my stepfather is an Okie from modesto, went to HS with George Lucas.

    redlands is a lovely town, about 30 degrees too hot most of the time.
     
  19. whodini

    whodini Senior member

    Messages:
    18,144
    Joined:
    Jul 16, 2006
    Location:
    Loretto, KY
    To me, hell is 8 lane surface streets longer than the Great Wall of China and strip malls larger than LAX, as far as the eye can see, plus no trees, no shade, no green, and blasting 100 degree heat four months a year.
    Again, you're absolutely sure you're not describing Sacto?
     
  20. Manton

    Manton Senior member Dubiously Honored

    Messages:
    41,568
    Joined:
    Apr 20, 2002
    Location:
    In Hiding
    Again, you're absolutely sure you're not describing Sacto?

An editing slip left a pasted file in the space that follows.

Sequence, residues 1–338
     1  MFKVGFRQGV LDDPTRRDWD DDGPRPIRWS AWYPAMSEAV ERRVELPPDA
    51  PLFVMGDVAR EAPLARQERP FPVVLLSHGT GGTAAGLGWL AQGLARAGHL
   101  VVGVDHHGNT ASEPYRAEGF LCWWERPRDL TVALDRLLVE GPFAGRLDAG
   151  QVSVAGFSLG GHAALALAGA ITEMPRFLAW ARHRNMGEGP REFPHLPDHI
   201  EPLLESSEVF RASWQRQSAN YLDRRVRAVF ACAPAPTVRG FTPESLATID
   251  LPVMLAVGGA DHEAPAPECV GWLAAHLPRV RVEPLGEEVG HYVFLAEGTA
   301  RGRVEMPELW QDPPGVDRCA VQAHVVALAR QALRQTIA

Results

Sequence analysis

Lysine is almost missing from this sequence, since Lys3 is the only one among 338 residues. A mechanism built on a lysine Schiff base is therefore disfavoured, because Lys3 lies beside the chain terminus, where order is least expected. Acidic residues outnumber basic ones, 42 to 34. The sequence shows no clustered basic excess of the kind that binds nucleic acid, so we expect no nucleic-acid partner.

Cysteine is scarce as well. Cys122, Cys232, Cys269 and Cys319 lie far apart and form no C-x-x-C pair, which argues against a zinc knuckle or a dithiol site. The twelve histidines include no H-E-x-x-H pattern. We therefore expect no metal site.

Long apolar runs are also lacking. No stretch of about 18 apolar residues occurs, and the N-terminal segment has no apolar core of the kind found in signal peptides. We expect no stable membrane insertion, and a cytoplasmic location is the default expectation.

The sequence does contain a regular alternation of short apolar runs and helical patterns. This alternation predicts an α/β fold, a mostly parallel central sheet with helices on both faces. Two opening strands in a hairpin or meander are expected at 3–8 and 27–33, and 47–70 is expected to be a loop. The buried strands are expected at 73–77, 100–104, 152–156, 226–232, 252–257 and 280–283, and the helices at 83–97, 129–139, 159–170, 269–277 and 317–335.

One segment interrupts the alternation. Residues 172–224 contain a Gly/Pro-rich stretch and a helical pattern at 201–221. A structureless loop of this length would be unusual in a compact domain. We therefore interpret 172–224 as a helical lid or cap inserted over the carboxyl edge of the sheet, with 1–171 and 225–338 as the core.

absolutely, it's like you've never been there if you think that.

    The far eastern and NEastern burbs like orangevale and citrus heights look vaguely like that but not as bad. And, anyway, once you get out that far you are getting into the foothills so it's not so flat and also not so hot. The old downtown core plus east sac, McKinley Park, land park and curtis park are lovely and look absolutely nothing like that. Downtown was laid out in gold rush times and is still largely victorian. Curtis park and east sac are WW1/roaring 20s and Land Park is 30s/40s but pre-war in style.

    As far as urban/suburban neighborhoods go (suburban in style but urban in location), East Sac and Land Park are two of the prettiest areas to live in the entire country.

    Honestly, the wasteland surrounding San Jose to the immediate west, south and east is more like the worst parts of SoCal than anything in Sac. I'm talking about you, Stevens Creek Blvd. You suck and you know it.
     

Share This Page

Styleforum is proudly sponsored by